Normally, a pneumatic power transfer would be used to supply air to the pneumatic auto operator. This would have been concealed in the edge of the door and the frame rabbet, protecting it from damage. Unfortunately, the installer had other ideas...
I saw this video posted on the BANG Forcible Entry Facebook page and I thought of y'all. I'm sure you'll quickly spot the problem with this training video on how to defeat a door with panic hardware. :D
...Another propped-open fire door. When are people going to learn?? If you don't know why this is a problem, click the link to watch a video that will teach you all about fire door assemblies.
In the category of "Repairs My Husband Would Make", here's today's Fixed-it Friday photo which was posted on the Crap Locksmithing Facebook page by Randy Lahey.
Anyone else see the problem with this Fixed-it Friday photo? Note: The photo was sent to me by an AHJ, and the situation has since been corrected.
The facility's request was to automate this 4-foot x 9-foot sliding door, but I think that's a "fix" that may not be feasible. What do you think?
Maybe I should go into door forensics in my retirement years (someday). I think it's so interesting to look at a door opening and try to figure out what happened.
What is it with museums? Other than antique stores, they have to be one of the most common sites for non-code-compliant exits.
This door has an arched top so the standard closer mountings won't work, but there is an alternative - a special template from LCN!
Harry Porosky of Integrated Openings Solutions sent me today's Fixed-it Friday photo. This looks like it's going to be a pretty expensive fix.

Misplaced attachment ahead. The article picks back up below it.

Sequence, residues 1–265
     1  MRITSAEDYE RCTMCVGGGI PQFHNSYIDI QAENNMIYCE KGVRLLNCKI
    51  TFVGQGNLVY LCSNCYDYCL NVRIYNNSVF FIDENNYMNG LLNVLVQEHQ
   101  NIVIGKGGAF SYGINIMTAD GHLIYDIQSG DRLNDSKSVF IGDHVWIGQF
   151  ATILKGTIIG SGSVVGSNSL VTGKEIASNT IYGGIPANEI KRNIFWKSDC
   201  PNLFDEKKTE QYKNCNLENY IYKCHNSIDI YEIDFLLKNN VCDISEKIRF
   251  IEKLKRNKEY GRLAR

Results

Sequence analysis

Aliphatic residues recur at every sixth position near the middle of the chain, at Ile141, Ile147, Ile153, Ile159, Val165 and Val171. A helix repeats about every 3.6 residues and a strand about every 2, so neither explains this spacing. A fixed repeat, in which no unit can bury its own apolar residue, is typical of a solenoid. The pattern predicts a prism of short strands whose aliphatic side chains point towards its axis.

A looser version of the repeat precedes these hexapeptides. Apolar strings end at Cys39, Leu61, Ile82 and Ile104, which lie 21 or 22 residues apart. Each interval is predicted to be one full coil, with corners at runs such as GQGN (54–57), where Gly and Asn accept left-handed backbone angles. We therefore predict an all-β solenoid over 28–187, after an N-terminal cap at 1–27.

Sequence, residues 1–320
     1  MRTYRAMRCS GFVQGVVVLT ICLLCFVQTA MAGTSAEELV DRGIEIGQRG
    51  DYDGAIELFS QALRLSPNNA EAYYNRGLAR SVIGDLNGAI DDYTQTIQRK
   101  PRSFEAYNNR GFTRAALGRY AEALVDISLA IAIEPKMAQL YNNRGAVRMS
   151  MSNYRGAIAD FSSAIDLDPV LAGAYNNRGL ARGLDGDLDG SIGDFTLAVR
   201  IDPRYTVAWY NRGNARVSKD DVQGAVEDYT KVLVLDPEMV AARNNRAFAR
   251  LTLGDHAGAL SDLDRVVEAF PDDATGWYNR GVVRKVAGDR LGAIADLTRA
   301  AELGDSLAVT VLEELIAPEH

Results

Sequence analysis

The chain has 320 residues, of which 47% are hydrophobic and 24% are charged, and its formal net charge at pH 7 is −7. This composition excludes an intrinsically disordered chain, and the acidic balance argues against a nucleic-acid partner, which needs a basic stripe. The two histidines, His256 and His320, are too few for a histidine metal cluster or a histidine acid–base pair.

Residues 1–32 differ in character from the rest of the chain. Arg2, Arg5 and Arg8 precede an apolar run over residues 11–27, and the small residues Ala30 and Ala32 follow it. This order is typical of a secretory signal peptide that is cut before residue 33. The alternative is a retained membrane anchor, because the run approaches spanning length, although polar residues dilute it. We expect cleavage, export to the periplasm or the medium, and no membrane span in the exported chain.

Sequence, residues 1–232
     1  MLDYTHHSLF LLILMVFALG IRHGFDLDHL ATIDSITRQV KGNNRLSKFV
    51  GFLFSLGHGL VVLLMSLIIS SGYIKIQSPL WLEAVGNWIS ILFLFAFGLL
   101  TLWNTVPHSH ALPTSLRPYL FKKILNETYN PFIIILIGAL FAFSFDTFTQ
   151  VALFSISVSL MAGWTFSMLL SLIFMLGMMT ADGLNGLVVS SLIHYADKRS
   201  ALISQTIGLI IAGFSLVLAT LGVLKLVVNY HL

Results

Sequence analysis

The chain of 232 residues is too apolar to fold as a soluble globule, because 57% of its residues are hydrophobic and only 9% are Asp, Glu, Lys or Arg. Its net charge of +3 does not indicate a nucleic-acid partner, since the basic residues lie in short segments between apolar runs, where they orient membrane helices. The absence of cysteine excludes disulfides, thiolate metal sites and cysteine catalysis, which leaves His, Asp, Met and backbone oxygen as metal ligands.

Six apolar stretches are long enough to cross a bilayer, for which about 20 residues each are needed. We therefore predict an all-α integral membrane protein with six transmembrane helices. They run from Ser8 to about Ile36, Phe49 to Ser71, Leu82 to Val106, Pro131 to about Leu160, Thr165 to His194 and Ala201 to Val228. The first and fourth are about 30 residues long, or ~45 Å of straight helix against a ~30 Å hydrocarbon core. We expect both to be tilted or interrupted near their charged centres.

I can't say for sure that is a fire door assembly, but I've seen this Fixed-it Friday application on fire doors many times in school gymnasiums.
Jennifer Schaffer posted today's Fixed-it Friday photo on the Crap Locksmithing Facebook page, and it seems like an appropriate "fix" for a Friday...
Fire door assemblies aren't just something you read about in NFPA 80 - they have an important role in the passive fire protection of a building. Here's another fire door win!
I'm curious about this "self-cleaning" wrap installed on a door pull at a restaurant entrance. Do any of you have experience with this technology?
Not too many people would be walking down a hospital corridor and notice the problem shown in today's Fixed-it Friday photo. Can you see it?
It still amazes me that people with seemingly no understanding of the code requirements will make modifications to their doors that could result in injury or even death.
This was the result of a school maintenance manager’s attempt to unlock a door that was not on the key system. I think I would have broken the glass, but whatever works.
If you see any situations like this, I'd love a photo to help share ideas for Fixed-it Friday "fixes" that ensure all safety requirements are met.
If your fire exit hardware shows up on the job-site without the dogging feature, there's a good reason for that. Homemade dogging is not a valid fix!
Leave it to NFPA to come up with a new type of dogging that is guaranteed to keep a door with panic hardware unlocked indefinitely.